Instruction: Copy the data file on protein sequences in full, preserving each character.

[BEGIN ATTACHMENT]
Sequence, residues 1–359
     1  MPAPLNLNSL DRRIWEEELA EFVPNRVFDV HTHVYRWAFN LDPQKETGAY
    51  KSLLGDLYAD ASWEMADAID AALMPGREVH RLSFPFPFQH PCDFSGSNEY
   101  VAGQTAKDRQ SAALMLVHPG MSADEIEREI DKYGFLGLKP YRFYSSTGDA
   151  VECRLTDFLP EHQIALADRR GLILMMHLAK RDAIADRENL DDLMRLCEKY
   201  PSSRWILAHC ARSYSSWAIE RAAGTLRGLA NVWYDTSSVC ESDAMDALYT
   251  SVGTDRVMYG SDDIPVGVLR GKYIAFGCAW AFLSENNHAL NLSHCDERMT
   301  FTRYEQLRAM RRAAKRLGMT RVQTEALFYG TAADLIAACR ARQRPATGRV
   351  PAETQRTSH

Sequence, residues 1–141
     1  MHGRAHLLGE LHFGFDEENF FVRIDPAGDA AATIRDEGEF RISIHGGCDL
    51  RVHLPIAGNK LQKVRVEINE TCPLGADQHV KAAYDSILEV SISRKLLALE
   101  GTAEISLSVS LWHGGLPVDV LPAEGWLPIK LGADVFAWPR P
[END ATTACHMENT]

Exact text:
Sequence, residues 1–359
     1  MPAPLNLNSL DRRIWEEELA EFVPNRVFDV HTHVYRWAFN LDPQKETGAY
    51  KSLLGDLYAD ASWEMADAID AALMPGREVH RLSFPFPFQH PCDFSGSNEY
   101  VAGQTAKDRQ SAALMLVHPG MSADEIEREI DKYGFLGLKP YRFYSSTGDA
   151  VECRLTDFLP EHQIALADRR GLILMMHLAK RDAIADRENL DDLMRLCEKY
   201  PSSRWILAHC ARSYSSWAIE RAAGTLRGLA NVWYDTSSVC ESDAMDALYT
   251  SVGTDRVMYG SDDIPVGVLR GKYIAFGCAW AFLSENNHAL NLSHCDERMT
   301  FTRYEQLRAM RRAAKRLGMT RVQTEALFYG TAADLIAACR ARQRPATGRV
   351  PAETQRTSH

Sequence, residues 1–141
     1  MHGRAHLLGE LHFGFDEENF FVRIDPAGDA AATIRDEGEF RISIHGGCDL
    51  RVHLPIAGNK LQKVRVEINE TCPLGADQHV KAAYDSILEV SISRKLLALE
   101  GTAEISLSVS LWHGGLPVDV LPAEGWLPIK LGADVFAWPR P